It was time for my session. I spoke about a short project that aimed to ask the question: ‘what is the best way to observe tutorials?’ I approached this question by doing three things: carrying out a literature review (with help from a brilliant tutor colleague), and conducting two sets of focus groups: one with tutors, and another with staff tutors (the members of the university who usually carry out tuition observations).

Some of the themes that emerged from the focus groups directly echoed some of the themes in the literature. An important issue is to understand what tuition observations are for: are they for development, or are they for management? (The answer is: they should be used, in the first instance, for development; the observers can learn a lot just by observing). An outcome from the project was to uncover a set of really useful tuition guidelines that have been used and developed by colleagues in Science. The next step in the project is to formally write everything up. 

An international comparative study of tuition models in open and distance learning universities

Ann Walshe, a colleague from the school of Computing and Communications, spoke about her visit to Shanghai Open University (SOU) where she was a part of a group of visiting scholars. Ann reported that SOU emphasises vocational and life-long learning. Whilst it does offer bachelor degrees, it doesn’t offer postgrad qualifications. It was interesting to hear that SOU ‘does its own thing’ and tries not to compete with other local and national universities. It has a particular emphasis on blended learning and face to face teaching, having 41 branch schools for both full time and part time students. Interestingly, students have to attend a mandatory F2F induction.

The visiting scholar group were from a range of different institutions, including Chongqing radio and TV university, University of South Africa, the National Open University of Nigeria, Cavendish University, Zambia, Jose Rizal University, Phillipines, and the Netaji Subhas Open University, India (which apparently has 120 study centres, with more opening). Ann’s talk emphasised the importance of distance learning and its global reach.

Unpacking the STEM students’ experiences and behaviours

Jenna Mittelmeier’s presentation was about the challenges of Online Intercultural group work. I enjoyed Jenna’s talk, since it was a very research focussed talk that asked a very specific question: are students more motivated when they study materials related to their own cultural background? In other words, what are the benefits of matching content and activities to the membership of a multi-cultural group? Jenna described a randomised control trial in the context of a Dutch business school. In an activity, students were asked to look at something called the World Bank statistics dashboard and it was found that students participated more when using content from their own background. A qualitative survey suggested that internationalisation (of a study context) did improve participation but did expose tensions. There was an important point, which is that content needs to be made relevant to student’s lives and experiences.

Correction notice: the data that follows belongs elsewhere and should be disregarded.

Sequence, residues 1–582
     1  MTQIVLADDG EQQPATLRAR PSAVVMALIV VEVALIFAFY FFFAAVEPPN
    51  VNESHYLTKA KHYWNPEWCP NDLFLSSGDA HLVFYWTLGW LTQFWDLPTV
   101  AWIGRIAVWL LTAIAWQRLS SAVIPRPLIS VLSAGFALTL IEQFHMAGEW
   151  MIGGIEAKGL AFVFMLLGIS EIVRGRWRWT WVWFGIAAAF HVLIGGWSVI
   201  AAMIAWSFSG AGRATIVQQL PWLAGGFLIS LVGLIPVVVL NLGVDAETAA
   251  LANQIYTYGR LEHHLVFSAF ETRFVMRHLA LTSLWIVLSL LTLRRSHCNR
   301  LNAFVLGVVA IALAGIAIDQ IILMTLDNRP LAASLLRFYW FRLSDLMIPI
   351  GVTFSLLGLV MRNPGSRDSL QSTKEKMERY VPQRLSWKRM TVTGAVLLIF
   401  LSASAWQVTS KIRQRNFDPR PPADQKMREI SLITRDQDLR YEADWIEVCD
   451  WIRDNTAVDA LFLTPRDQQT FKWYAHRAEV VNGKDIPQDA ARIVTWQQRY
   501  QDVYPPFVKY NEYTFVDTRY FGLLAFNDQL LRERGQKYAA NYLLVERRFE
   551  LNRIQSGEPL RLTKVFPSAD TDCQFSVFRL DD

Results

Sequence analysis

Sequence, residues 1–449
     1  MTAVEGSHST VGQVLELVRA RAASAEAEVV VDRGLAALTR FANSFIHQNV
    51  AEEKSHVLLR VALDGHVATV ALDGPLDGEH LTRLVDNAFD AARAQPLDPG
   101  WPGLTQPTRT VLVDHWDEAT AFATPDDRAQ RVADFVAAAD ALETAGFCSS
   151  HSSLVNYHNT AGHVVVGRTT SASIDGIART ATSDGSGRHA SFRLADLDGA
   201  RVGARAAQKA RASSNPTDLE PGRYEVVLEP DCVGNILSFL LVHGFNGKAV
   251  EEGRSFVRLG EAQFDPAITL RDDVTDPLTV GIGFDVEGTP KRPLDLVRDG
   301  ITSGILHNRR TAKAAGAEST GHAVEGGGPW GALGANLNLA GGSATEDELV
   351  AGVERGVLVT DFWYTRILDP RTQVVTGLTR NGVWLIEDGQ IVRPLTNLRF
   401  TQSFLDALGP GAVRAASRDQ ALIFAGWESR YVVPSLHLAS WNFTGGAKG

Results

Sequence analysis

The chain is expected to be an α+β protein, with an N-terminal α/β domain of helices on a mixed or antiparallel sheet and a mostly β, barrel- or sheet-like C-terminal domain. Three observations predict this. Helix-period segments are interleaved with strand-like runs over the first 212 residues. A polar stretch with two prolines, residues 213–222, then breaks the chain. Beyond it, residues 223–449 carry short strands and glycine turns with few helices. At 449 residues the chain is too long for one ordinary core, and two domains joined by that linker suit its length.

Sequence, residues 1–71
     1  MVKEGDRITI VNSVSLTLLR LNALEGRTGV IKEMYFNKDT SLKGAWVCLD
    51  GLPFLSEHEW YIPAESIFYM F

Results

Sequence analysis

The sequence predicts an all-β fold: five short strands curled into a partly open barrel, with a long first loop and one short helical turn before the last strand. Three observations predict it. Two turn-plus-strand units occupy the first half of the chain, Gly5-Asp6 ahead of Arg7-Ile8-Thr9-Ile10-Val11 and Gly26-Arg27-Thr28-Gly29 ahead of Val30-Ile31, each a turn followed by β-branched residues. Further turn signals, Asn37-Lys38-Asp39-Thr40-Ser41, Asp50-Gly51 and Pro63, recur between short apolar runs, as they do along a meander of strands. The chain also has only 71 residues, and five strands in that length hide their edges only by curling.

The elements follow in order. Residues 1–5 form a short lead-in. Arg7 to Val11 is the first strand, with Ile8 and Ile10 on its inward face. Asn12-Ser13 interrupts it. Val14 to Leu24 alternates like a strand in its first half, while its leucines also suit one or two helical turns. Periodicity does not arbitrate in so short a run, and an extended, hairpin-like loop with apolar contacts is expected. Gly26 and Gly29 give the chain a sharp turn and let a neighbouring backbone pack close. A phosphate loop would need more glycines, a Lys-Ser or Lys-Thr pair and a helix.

Paper session: supporting students - STEM practice and engagement

Using a dedicated website in the continuing evolution of a statistics community of learners

Rachel Hilliam and Gaynor Arrowsmith introduced us to something called the Maths and Stats Subject Site. Before the university restructured and closed regional centres, students could attend course choice events where they could look at module materials from the regional centre library and talk to academic support colleagues and speak with other students. In an environment that is increasingly digital, an important question is: can we recreate that in an online environment? I made the note that it is (of course) important that students feel a part of a community.  There is a Maths and Stats advice forum, maths education forum, and information about professional and subject societies. There is also advice about preparing to study, revise and refresh resources, are you ready for quizzes, and early units from some modules.

Implementing additional maths support for Health Science students